Strong systems, organized records, and documentation can help keep your lawn maintenance business running smoothly. Today we’re talking about estimates, agreements, and contracts, as well as the importance of trust.
Hey Clippers! Dave Tucker here with a little Paperwork 101. We’re going to talk about the purposes and differences between certain types of documents that you’ll share with your lawn maintenance customers. You don’t need a legal degree to understand how all these things work, but you do need a little background to get started.
Lawn maintenance estimates
Last week, we talked about one of my favorite strategies for finding new customers: the $20 first-time cut. So let’s say someone takes you up on your offer, and you cut their grass. Now what?
Here’s what’s so great about the $20 first-time cut: Now that you’ve actually cut their grass, you know how big the yard is, how long it takes to mow, how much time you have to spend cleaning up toys and hoses and whatnot before you get started. In other words, you have all the information you need to calculate a fair price for your lawn maintenance services and write up an estimate.
An estimate is a document that tells your customer how much you would charge for a certain job. As long as you put “Estimate” or “Proposal” at the top of the document, it’s not legally binding. It’s just information for your customer to consider and makes it easy for them to get in touch if they want to hire you.
Here’s what your estimate should include:
- Logo and contact information for your lawn maintenance business
- Your customer’s name and address
- The amount you are estimating for the job and any information about payment plan options
- Any additional notes about extra services, caveats, etc.
Lawn maintenance contracts and agreements
The first thing to note: I’m not a lawyer, and I don’t pretend to be. It’s never a bad idea to consult briefly with an actual lawyer on this subject. But I’m going to share what I do know about lawn maintenance paperwork.
Unlike an estimate, a contract is a legally binding document between two parties: your lawn maintenance business and your customer. As a result, contracts come with many liabilities, very little wiggle room, and the possibility, however remote, that you could end up in court if something doesn’t go according to plan.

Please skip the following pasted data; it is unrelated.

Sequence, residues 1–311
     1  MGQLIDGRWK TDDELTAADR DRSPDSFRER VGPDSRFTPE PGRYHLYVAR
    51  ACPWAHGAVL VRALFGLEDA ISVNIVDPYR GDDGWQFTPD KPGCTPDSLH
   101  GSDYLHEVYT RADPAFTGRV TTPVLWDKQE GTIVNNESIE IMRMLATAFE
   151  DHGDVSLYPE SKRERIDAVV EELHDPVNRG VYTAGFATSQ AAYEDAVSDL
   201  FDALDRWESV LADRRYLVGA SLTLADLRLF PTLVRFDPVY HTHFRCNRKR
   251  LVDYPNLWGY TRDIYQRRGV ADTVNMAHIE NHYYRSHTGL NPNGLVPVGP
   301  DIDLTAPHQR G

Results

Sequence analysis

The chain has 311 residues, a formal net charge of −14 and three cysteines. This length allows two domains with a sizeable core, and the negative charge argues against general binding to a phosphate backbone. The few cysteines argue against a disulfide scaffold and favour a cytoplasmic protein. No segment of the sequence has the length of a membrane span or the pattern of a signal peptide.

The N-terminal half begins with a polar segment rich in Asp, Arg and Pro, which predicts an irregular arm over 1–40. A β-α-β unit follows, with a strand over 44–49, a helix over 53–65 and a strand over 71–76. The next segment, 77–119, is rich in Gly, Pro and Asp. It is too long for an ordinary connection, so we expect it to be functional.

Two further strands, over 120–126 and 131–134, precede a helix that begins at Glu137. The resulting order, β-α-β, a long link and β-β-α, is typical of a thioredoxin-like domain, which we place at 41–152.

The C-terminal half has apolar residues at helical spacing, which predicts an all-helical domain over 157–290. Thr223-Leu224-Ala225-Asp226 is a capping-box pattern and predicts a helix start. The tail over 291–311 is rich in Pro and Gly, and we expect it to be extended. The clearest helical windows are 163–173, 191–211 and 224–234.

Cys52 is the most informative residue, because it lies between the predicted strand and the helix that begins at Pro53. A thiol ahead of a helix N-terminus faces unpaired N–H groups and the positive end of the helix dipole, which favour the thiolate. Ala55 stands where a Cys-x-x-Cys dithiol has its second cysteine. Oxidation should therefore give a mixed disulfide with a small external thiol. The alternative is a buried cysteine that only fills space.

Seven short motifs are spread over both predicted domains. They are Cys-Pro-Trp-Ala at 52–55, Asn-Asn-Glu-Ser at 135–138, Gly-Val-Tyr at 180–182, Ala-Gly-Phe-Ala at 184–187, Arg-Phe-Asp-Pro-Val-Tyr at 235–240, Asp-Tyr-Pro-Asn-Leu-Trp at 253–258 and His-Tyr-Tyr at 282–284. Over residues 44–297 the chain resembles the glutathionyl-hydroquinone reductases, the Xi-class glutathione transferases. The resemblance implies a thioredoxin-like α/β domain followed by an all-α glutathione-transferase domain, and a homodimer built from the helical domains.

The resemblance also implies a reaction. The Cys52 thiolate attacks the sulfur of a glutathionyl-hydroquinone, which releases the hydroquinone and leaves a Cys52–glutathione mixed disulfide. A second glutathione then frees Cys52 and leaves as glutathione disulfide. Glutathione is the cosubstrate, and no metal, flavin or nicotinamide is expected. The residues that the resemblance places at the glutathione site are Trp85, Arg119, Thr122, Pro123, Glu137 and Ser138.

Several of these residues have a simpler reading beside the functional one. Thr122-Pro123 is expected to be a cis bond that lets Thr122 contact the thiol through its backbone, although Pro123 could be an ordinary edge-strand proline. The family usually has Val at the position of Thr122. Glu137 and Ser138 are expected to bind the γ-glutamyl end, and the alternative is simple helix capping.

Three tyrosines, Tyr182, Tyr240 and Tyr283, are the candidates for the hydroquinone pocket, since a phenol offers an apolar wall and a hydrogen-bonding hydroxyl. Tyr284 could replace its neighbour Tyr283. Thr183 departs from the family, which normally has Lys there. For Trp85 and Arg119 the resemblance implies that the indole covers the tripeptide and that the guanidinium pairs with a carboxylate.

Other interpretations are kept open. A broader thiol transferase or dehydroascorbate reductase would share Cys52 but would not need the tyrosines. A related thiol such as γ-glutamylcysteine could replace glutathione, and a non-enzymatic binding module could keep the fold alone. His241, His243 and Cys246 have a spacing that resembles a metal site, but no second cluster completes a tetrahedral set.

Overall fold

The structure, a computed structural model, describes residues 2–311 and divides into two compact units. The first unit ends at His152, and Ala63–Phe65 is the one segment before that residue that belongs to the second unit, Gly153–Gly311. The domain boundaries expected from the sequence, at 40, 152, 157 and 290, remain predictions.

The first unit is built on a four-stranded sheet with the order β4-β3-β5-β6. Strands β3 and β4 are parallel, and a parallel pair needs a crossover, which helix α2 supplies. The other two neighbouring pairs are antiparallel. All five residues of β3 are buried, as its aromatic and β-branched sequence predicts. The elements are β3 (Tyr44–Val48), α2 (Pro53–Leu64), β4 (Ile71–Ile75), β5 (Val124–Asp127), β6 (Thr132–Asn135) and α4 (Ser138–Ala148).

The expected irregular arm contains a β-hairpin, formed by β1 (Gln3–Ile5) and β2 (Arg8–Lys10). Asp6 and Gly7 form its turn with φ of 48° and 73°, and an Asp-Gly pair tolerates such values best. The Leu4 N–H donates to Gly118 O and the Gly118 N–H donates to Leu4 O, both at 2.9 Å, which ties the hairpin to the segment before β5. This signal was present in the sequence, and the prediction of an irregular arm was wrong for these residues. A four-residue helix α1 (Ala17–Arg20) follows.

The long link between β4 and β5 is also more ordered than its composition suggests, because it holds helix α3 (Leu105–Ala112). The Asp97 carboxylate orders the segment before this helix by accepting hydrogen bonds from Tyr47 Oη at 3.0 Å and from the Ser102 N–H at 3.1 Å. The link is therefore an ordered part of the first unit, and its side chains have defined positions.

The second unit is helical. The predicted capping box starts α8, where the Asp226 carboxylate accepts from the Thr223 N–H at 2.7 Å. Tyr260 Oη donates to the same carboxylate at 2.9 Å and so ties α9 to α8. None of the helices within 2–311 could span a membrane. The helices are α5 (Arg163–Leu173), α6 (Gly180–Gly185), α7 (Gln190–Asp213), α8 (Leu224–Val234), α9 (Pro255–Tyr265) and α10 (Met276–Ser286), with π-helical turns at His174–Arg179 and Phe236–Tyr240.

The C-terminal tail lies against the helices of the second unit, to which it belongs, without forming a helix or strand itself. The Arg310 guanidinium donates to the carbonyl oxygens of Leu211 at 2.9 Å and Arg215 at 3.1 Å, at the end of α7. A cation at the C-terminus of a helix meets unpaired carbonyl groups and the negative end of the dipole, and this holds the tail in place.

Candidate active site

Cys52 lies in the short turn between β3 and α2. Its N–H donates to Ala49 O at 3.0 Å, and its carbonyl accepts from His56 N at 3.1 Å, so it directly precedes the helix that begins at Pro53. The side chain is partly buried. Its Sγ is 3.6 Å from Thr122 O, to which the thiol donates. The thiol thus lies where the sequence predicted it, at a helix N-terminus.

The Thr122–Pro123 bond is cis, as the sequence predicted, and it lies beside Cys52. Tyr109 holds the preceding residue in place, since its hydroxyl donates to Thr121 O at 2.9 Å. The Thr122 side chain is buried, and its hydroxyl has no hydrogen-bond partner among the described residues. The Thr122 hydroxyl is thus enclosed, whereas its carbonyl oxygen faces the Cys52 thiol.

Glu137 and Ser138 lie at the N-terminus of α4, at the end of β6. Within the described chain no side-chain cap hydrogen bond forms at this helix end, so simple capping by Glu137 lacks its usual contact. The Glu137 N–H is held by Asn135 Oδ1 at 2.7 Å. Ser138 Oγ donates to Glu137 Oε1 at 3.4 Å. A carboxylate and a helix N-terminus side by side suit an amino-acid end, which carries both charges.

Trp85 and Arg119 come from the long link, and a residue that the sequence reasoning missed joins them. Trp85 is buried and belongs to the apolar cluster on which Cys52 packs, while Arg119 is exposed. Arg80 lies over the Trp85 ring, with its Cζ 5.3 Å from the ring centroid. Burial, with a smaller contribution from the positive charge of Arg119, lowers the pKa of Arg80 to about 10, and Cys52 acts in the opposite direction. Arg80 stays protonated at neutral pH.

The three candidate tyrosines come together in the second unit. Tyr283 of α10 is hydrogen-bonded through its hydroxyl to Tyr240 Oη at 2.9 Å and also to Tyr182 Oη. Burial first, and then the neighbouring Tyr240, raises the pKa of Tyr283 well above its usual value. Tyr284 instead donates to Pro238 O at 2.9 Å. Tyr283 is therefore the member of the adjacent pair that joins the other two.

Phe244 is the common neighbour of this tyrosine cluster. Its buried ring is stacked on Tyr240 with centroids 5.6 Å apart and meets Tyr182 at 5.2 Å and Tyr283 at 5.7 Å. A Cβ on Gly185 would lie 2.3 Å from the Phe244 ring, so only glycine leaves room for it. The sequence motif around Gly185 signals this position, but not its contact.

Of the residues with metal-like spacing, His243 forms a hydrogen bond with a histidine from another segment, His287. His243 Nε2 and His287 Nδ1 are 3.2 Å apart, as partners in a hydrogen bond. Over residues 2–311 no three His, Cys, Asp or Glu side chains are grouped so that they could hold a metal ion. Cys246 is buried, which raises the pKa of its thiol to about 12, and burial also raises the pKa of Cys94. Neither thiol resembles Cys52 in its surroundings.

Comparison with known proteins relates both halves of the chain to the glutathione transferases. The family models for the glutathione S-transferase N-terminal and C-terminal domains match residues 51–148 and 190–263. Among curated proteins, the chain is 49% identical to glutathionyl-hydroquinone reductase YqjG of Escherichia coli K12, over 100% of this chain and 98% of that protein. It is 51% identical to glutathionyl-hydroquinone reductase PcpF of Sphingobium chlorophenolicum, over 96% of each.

In my opinion, there’s not much need for contracts in the beautiful business. They’re more intense than is necessary.
I prefer to conduct business with agreements. An agreement is a document that actually has the word “AGREEMENT” across the top, in big letters. It’s like a contract in that it creates a record of what each party is agreeing to—services rendered, amount to be paid, etc.—but with more room for modification. So, for example, you can stop doing lawn maintenance work, or your customer could stop paying, and you’d be pretty safe from legal action.
In my experience, agreements are more than enough to get the job done and keep everybody happy. Here’s a simple example.
A note about trust in the lawn maintenance business
The whole point of contracts and agreements is keeping people honest and making sure they do what they said they’d do. And, of course, you need these documents to protect your business. But it’s just as important to do work with honest people.
Let me tell you a short story: One of my employees went out and sprayed five lawns with what he thought was fertilizer. Turns out it was Roundup. It was an honest mistake, but as I’m sure you can guess, every single one of those lawns was wrecked, and it was our fault.
We decided to call up those five customers, tell them what happened, apologize, and offer to replant their lawns in the spring for free. Now, those customers would have been well within their rights to be upset with us, and perhaps they were. But they also appreciated our honesty and our offer to fix the mistake, and we were able to keep them as customers. Why? Because we did the right thing and earned their trust.
At the end of the day, a beautiful business is best when you work with honest, trustworthy people. You want to find customers who are a good fit for your lawn maintenance business. If you do good work, keep your promises, and trust your gut, you’ll attract good people, and your beautiful business will grow.